A growing Ethiopian church, a once-thriving Anglo congregation and a start-up congregation of Millennial and Gen-X Christians share a common facility and vision for reaching their area with the gospel. And two of the three congregations share the same pastor.
Nearly four years ago, Ethiopian Evangelical Baptist Church had outgrown its home on Jupiter Road in western Garland, just east of the I-635 loop around Dallas.
“There was nothing on the market we could afford to buy” to accommodate the rapidly expanding Amharic-language congregation, Pastor Bedilu Yirga said.
About that time, Yirga learned through Dallas Baptist Association about Orchard Hills Baptist Church in Garland, just eight miles to the east.
Decades earlier, Orchard Hills had twice ranked second among Texas Baptist churches in the number of people baptized in a single year. The congregation built a facility that could accommodate more than 1,300 worshippers.
However, as the surrounding neighborhood changed and the church experienced challenges, its membership had declined to about 100 senior adults, and fewer than 50 were able to attend.
Creating a mutually beneficial partnership
For two years, leaders of the two congregations met, talked and prayed together about how their churches could develop a mutually beneficial partnership. Eventually, they crafted an agreement: Ethiopian Evangelical Baptist Church would assume ownership of the property, and Orchard Hills Baptist Church would meet in its chapel for worship and in newly renovated classrooms for Bible study.
In the meantime, two other key developments took place at Ethiopian Evangelical Baptist Church. Iglesia Casa de Dio el Todopodersoso purchased the Ethiopian congregation’s property on Jupiter Road, and Nebiye Kelile joined the staff to plant an English-language next-generation church, Pathway Dallas.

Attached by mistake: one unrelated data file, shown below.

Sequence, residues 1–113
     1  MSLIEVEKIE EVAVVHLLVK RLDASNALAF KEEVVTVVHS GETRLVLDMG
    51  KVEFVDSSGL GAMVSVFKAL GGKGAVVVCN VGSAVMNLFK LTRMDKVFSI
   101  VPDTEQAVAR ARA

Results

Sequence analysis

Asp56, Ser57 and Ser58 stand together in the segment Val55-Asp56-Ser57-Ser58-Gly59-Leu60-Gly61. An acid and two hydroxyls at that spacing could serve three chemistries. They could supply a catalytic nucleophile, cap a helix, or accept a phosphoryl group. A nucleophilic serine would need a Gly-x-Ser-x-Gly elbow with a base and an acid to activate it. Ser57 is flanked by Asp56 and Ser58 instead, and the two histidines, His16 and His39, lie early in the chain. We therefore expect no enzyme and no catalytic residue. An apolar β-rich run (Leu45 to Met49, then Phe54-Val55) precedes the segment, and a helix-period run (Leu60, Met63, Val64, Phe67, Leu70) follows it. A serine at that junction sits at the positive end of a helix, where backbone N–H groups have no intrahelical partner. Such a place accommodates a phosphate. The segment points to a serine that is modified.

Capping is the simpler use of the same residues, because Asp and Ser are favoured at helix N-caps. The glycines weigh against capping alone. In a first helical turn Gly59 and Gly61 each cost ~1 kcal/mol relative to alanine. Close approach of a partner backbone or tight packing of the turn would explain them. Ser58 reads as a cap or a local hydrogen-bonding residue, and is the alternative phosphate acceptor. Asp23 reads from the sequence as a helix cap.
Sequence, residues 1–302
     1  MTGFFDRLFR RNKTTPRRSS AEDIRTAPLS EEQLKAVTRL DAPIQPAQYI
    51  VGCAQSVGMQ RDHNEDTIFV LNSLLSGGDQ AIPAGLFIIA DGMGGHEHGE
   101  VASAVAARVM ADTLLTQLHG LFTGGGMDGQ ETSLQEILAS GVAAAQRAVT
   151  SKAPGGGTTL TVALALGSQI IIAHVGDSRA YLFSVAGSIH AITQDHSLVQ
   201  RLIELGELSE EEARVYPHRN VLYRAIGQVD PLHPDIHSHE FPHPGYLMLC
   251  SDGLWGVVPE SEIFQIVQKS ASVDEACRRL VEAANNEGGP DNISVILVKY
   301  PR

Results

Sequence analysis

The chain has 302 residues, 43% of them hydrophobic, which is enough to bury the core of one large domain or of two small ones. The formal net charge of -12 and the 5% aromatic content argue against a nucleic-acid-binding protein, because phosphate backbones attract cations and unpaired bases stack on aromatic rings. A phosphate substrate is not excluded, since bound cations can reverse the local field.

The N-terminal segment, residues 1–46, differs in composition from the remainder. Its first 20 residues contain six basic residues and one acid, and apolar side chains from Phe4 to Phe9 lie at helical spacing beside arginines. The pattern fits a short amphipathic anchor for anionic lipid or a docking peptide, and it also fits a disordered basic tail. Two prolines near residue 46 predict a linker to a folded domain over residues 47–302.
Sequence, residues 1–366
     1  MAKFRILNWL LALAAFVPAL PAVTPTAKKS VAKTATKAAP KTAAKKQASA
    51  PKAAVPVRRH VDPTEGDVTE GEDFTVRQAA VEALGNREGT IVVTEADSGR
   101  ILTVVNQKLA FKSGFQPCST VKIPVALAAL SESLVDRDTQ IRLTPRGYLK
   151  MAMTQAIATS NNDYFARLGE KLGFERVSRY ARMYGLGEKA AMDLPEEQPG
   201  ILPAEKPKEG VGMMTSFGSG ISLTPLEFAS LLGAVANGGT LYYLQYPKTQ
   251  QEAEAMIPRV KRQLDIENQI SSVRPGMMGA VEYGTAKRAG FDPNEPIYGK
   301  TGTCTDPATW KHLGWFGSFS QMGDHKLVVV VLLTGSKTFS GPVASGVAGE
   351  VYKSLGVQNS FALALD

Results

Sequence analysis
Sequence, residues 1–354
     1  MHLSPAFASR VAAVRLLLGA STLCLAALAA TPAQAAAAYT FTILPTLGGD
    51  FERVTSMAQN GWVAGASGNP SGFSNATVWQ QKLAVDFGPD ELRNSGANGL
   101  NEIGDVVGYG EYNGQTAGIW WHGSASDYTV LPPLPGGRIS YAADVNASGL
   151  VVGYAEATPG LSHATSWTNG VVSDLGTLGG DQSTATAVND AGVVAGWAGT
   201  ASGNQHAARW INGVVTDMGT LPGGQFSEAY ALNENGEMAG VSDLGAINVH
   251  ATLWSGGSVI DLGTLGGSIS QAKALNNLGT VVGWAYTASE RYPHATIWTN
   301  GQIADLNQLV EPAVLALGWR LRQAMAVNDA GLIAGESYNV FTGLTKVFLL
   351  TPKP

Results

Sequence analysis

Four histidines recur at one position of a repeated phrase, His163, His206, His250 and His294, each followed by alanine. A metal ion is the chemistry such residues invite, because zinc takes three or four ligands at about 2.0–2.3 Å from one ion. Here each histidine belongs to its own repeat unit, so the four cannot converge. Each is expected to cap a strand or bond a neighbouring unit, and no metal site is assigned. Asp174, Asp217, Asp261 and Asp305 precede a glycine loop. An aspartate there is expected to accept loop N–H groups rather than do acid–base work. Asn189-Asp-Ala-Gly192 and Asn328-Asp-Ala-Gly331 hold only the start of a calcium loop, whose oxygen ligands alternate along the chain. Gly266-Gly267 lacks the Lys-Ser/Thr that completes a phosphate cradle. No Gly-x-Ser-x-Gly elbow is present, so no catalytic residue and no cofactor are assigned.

Actually, two buyers made offers on the former home of Ethiopian Evangelical Baptist Church—and the Hispanic congregation offered $50,000 less than the other potential purchaser.
However, leaders of the Ethiopian church believed Casa de Dio was more “kingdom-minded” and had a greater passion for reaching the community with the gospel than the other prospective buyer. So, they chose to accept the lower bid.
In gratitude, members of the Hispanic congregation volunteered their labor to help Ethiopian Evangelical Baptist Church renovate and repair the Orchard Hills building, which had extensive deferred maintenance. The cost repairing, remodeling and repurposing of the facility originally was estimated at $4.7 million.
“It ended up costing $2 million—plus prayer—with the help of the Hispanic group,” Yirga said.
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Source: Baptist Standard